The family of a mother who lost her unborn baby girl after she was forced to travel 750km for an urgent operation because of Queensland’s border restrictions has broken their silence.
Kimberley Brown and her husband Scott, from Ballina, in northern New South Wales, were told on August 12 that their twins had developed twin to twin transfusion syndrome (TTTS).
The disorder occurs in pregnancies where the twins share a placenta and the blood is unevenly distributed, leading to malnourishment and organ failure for one donor twin.
Mrs Brown needed urgent surgery but despite living just two hours away from Queensland’s Mater Hospital doctors told her she would need to apply for a border exemption, which could take too long.
Instead the couple waited 16 hours for an emergency flight to Sydney’s Royal Prince Alfred Hospital.
Yesterday, Mrs Brown learned after an ultrasound that she had lost one of the babies.
Mrs Brown’s father Alan Watt said the ordeal was extremely distressing for the family.
‘I am just really upset – I don’t know what to say. I am really upset this has gone as far as it had,’ Mr Watt told Seven News.
‘We don’t blame anyone for what happened. It is just one of those things that happen.
‘We just hope [the other unborn child] makes it through to a happy ending.’
Mr Watt said the family understands the outcome for the couple may have been the same if they were able to go to Queensland for medical assistance.
However he says that more time could have given the unborn twins an extra chance they needed.
Wayne Jones, chief executive of the Northern NSW Local Health District, told Nine News that the ‘preferred location for the family to give birth was at a hospital in Brisbane.’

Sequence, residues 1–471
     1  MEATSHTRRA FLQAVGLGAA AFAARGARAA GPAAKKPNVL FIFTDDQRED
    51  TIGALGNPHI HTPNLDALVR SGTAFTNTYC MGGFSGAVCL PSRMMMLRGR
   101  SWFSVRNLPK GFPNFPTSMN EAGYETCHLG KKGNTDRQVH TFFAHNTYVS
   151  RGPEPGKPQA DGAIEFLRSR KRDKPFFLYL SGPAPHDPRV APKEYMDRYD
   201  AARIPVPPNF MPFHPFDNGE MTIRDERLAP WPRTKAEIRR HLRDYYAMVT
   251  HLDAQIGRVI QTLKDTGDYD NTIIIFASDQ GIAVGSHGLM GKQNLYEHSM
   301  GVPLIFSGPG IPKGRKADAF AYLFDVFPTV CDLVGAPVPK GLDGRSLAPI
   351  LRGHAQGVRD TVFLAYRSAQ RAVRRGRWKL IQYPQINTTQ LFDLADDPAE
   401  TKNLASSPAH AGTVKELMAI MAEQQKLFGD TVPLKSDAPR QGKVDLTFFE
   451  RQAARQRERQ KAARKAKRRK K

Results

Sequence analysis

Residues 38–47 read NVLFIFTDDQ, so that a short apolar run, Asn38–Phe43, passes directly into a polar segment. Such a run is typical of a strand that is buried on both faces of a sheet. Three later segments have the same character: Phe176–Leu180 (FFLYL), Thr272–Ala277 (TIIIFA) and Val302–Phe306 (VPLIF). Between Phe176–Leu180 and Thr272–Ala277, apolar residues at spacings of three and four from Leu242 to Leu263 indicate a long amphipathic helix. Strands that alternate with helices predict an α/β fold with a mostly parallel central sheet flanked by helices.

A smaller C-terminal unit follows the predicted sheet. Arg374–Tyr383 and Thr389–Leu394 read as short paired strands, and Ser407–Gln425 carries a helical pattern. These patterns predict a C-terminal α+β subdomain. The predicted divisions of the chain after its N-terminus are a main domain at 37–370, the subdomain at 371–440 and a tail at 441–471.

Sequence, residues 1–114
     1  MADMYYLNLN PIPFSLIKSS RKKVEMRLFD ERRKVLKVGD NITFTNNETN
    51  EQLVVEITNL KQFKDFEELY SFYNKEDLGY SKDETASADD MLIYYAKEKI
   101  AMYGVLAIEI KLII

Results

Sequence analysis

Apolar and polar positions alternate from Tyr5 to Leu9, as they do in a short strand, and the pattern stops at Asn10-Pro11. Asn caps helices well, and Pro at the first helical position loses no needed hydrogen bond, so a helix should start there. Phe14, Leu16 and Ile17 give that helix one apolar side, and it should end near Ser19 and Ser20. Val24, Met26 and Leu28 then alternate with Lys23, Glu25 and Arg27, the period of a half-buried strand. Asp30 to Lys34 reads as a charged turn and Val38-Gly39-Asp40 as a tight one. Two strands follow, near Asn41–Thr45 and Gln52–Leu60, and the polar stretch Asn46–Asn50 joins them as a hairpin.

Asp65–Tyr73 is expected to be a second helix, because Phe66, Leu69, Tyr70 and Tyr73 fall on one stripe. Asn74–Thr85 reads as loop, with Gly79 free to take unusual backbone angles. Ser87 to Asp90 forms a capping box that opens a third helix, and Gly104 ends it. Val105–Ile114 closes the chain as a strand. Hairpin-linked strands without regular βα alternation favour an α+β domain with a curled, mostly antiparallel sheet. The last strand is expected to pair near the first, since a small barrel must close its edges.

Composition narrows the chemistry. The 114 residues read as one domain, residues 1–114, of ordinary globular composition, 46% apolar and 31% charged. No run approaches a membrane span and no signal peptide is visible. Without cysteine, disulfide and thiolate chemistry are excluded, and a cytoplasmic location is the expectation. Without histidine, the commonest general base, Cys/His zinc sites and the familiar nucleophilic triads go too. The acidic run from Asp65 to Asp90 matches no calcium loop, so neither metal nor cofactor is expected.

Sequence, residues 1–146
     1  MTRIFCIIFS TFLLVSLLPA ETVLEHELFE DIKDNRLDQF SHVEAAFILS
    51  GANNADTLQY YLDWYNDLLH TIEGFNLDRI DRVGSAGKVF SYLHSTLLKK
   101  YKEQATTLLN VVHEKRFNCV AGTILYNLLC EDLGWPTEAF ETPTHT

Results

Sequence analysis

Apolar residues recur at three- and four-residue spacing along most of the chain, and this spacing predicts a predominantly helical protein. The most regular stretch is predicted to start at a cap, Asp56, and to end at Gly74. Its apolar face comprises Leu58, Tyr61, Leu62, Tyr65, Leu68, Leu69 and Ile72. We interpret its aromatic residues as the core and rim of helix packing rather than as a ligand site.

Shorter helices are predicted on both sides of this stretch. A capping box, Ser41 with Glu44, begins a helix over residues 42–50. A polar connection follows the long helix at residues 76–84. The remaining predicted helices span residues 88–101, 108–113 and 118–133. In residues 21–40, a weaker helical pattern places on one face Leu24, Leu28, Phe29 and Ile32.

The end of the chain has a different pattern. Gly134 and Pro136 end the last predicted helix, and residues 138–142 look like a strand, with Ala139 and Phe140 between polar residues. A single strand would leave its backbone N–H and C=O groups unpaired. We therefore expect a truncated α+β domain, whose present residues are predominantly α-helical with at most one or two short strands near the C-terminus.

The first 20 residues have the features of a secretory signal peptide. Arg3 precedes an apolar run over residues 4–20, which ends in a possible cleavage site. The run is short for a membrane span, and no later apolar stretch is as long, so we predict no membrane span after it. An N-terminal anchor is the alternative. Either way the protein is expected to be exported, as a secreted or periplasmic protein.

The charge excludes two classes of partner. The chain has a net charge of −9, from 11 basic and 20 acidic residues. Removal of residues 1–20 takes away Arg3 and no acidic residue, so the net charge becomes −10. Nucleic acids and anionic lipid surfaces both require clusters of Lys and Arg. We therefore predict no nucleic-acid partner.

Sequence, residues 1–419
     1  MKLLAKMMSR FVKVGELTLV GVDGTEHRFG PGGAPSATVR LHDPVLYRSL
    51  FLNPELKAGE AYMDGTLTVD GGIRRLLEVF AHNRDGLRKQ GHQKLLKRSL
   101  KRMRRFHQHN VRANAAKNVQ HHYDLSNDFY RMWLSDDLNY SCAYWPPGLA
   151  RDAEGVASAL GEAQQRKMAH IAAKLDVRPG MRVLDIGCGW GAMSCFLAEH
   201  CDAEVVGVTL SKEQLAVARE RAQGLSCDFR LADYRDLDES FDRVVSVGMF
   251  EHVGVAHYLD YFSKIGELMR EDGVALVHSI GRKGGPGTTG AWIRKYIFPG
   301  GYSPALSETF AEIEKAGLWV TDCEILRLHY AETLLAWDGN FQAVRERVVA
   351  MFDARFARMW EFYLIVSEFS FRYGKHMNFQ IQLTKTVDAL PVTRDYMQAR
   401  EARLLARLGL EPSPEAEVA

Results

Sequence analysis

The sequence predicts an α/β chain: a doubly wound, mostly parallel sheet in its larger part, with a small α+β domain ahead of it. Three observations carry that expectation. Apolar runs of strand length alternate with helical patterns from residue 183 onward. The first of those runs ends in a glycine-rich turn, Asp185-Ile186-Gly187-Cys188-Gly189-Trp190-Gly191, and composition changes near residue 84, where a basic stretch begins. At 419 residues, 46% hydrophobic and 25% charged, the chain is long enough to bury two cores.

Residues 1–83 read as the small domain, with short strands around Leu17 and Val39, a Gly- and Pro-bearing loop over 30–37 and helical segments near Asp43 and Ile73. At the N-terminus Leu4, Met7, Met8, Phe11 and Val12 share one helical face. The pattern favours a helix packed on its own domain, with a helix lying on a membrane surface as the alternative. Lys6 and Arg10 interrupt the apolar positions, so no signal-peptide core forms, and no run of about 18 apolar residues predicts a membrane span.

‘But under the Queensland Border Direction at the time, the woman and her husband would have had to quarantine at a government hotel for 14 days at their own expense prior to the procedure,’ he said.
Queensland Health told Seven News that the couple would have been granted access to medical treatment in the state.
They claim that no exemption or request for transfer was applied for on their behalf.
Prime Minister Scott Morrison called the case ‘terribly heartbreaking’ and ‘distressing’.
He issued a fresh appeal for states to open their borders on Friday and said Australia faced ‘economic ruin’ if the restrictions continue.
Queensland Premier Annastacia Palaszczuk said last week the decision about who to let into Queensland would be made by health professionals, not politicians.
‘People living in NSW have NSW hospitals. In Queensland, we have Queensland hospitals for our people,’ she said.
On Friday she said that anyone who needs urgent medical care, and Queensland is deemed the best place for it, won’t be turned away.
Queensland’s Chief Health Officer Dr Jeanette Young said not a single person who applied for a medical exemption had been turned away.
‘But for those people wanting to come to Queensland for the first time for care, I am questioning — I am not denying, but I am questioning — why can’t you get this care in New South Wales?’ she during a press conference on Friday.
‘New South Wales has got very, very good hospitals and healthcare.
‘I actually genuinely believe, and we do this in Queensland, that whenever possible you should get care close to where you live.
‘You shouldn’t be travelling for hours to get care.’